The worst decision of my life
I dropped her to school on a Friday morning and went home to continue working – I had started my own marketing business. I stopped for lunch and had two piccolos of bubbly with my toasted sandwich, then carried on working. I then had a quick power nap, missed the call from the school and was late to pick her up. Was the decision to have those two drinks the worst decision of my life? Without a doubt. Do I hate myself for it? Yes. Did the punishment fit the crime? I wouldn’t have thought so. What followed has been a nightmare of epic proportions due to incorrectly followed procedure in the family court – at every turn.
My family and I have never had her from that day 18 months ago, and my precious daughter no longer wants anything to do with us. I wasn’t allowed to visit her without supervision and my parents have been stopped from seeing her, too. She has been cut off from 50 per cent of her life by her father. Two drinks on that day or not, I have to own the fact that if I didn’t have a history of a drinking problem, I would still have her. Sobering indeed, and sober was what I was for most of the process that ensued, which cost me my home, $20,000 in lawyer’s fees and, temporarily, my happiness.
There were signs this was coming. Her father would try to control what I put in my daughter’s lunch box, the shoes she wore and who I let her see while it was my week with her. He wouldn’t allow her to attend any of my family functions or special events if they happened to fall while he had her. I bought her a mobile (just for texting) and she wasn’t allowed to use it at their home. These things may seem small, but they were the telltale signs of parental alienation I wasn’t aware of.
The sense of loss I feel is ever-present. There is nothing more cruel than grieving for a child who is still alive. Once it became clear I wasn’t going to get her back, I drank to cope with the ferocity of the feelings. It’s very difficult to explain to people why you don’t have your child anymore. Even if they are understanding to your face, you know some think “there must be more to it than that”. In this case there wasn’t.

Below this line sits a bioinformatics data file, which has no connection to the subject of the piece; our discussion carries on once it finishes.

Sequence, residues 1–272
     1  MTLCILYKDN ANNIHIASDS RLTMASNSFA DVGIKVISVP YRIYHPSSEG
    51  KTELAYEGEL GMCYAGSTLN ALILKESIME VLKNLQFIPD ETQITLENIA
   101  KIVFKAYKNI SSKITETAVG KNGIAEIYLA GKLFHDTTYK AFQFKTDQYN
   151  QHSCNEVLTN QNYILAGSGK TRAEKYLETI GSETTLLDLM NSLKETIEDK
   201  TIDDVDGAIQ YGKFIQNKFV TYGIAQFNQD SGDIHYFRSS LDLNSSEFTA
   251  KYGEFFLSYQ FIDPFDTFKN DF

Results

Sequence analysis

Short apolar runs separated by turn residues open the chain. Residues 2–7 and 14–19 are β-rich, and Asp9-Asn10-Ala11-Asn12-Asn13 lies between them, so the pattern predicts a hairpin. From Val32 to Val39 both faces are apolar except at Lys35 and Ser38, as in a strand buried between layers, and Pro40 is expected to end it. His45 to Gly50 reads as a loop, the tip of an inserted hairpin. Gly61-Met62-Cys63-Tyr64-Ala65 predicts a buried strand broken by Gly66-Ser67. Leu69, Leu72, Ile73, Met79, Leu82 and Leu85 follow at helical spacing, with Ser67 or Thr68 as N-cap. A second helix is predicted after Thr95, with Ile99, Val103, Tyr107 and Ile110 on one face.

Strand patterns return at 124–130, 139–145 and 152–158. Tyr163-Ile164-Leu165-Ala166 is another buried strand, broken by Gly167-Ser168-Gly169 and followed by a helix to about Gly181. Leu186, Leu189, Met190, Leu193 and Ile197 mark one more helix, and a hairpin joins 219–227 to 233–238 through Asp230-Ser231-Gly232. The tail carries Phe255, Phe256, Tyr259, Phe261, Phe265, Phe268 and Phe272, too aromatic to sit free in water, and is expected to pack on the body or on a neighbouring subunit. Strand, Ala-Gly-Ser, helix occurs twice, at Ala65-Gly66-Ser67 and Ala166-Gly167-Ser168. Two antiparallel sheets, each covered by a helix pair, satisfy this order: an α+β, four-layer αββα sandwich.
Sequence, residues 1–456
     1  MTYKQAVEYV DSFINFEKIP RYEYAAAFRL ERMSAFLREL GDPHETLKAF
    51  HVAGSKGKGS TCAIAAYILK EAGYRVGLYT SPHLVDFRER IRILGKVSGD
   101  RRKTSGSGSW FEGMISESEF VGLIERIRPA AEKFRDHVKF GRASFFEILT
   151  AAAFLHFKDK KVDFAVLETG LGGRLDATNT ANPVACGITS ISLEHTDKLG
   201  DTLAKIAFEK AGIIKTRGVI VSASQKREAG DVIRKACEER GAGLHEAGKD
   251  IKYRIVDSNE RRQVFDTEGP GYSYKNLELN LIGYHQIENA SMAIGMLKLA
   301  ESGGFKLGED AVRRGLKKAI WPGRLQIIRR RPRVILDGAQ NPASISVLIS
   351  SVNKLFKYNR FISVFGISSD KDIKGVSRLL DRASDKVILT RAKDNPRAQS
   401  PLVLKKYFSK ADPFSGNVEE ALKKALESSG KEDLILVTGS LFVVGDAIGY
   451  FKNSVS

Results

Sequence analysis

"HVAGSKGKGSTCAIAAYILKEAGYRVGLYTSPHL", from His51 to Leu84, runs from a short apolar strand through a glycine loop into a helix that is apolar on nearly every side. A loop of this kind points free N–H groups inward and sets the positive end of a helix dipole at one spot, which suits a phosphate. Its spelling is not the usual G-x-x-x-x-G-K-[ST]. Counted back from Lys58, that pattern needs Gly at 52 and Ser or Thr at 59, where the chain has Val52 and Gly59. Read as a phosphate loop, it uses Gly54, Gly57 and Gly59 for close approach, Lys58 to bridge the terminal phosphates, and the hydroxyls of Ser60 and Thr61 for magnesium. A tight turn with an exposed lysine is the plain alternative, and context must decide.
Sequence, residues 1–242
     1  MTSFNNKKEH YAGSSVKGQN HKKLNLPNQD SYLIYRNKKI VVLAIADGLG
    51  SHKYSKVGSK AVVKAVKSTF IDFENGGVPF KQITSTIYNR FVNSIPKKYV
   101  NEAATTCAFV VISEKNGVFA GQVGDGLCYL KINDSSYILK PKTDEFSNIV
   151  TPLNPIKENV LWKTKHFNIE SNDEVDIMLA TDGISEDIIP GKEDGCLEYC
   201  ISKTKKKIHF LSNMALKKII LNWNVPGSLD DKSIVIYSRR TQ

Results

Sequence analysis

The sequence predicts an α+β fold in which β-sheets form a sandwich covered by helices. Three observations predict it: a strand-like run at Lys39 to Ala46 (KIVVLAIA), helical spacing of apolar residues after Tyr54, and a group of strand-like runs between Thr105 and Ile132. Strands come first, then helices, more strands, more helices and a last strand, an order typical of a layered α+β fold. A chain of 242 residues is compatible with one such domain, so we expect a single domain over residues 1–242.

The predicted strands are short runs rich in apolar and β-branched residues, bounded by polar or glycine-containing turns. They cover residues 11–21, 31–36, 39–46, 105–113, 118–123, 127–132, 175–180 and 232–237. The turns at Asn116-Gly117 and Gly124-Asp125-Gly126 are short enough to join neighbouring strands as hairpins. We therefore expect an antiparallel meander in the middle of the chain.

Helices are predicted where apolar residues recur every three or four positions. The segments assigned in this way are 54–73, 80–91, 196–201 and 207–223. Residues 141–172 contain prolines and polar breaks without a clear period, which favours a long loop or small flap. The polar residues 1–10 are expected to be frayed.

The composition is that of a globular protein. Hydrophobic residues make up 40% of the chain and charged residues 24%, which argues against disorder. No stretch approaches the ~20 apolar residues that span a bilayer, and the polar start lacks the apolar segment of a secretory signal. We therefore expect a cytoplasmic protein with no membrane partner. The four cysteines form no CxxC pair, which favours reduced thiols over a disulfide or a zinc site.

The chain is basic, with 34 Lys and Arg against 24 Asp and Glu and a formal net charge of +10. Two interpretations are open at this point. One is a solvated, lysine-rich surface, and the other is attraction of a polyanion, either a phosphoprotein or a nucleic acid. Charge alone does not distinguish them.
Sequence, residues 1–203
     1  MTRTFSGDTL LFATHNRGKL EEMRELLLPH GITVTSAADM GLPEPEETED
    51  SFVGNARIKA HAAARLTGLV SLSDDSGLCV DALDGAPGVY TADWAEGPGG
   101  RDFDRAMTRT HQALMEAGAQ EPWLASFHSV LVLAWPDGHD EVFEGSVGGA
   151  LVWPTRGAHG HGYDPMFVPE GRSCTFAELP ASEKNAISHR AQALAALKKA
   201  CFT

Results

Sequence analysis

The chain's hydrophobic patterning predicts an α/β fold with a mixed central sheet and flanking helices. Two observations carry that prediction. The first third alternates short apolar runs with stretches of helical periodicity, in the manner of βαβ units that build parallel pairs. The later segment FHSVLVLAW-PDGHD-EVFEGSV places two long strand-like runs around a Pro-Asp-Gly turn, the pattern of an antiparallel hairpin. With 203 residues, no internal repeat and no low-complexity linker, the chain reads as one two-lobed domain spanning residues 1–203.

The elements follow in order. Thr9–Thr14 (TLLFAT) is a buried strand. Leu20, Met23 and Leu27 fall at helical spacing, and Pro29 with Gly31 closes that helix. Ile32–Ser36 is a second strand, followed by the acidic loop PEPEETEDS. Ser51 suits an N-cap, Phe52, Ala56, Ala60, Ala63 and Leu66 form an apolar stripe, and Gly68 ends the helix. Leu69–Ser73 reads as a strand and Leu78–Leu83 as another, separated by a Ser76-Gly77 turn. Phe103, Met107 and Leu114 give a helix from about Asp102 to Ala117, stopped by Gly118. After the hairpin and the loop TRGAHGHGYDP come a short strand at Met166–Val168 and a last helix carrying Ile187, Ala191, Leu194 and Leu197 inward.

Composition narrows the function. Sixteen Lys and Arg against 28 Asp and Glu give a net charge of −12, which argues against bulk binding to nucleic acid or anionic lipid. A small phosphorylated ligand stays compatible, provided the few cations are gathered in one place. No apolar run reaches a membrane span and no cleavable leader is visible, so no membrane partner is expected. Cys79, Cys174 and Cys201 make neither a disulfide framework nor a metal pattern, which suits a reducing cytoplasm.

Sending an SOS
Well, there is more for me now and that is sobriety. I got to the stage where I was sick of myself, my horrible, sad, dependant, selfish self. It was when I was starting to feel suicidal I knew I had to get help. I rang a close girlfriend and my family with an SOS call and they found me The Retreat in Auckland. What use was I going to be to anybody if I didn’t get myself straight? It hasn’t been easy. In fact, there were times in treatment when I would hear how other parents had behaved as drinkers and yet still had their children. I would feel aggrieved. However, all I can do is own all I have done and work at being the best person I can be. I would like to hope that one day my daughter is able to understand the disease of alcoholism without judging. I am living proof of the cost.
During my 30 days in treatment, I slowly picked apart the layers and gained an understanding of my role in my own life. It’s very easy when you have had a traumatic experience, like losing custody, to want to blame, but I began to understand I was responsible for my own actions and only I could fix things moving forward. It was an extremely structured environment. Each day started with meditation, which I initially found impossible to do without crying. Learning to live with my own silence was something I had spent my life avoiding. By the end, I craved it. I also learned about just being a better person and am so grateful that, in the right environment, I could start to learn how to fix what I had inadvertently broken throughout my life, through choices marinated in too much alcohol.
The relief my loved ones feel is palpable. I hadn’t realised how much pressure I had put them under. My relationships are now honest and real. It is a very big relief. Sometimes, however, you have to let things go. During this process I have lost a friendship with a precious girlfriend – it was too unhealthy for us both. I learned this during treatment. However, this pales into insignificance compared to the loss of my daughter.
My life is different now. I do what I was taught in the 12-step recovery programme, where I have to feel every uncomfortable feeling and not dull the ache with alcohol. That has been the hardest part. Feelings by their very nature can be confronting, but at least now they are authentic. I was a lovely mum and I miss my girl so much some days I want to scream. Hell, I do scream, but now I will continue to try to let her know we all love her, as a sober mum. Sobriety is a small price to pay if it means one day we have her in our lives.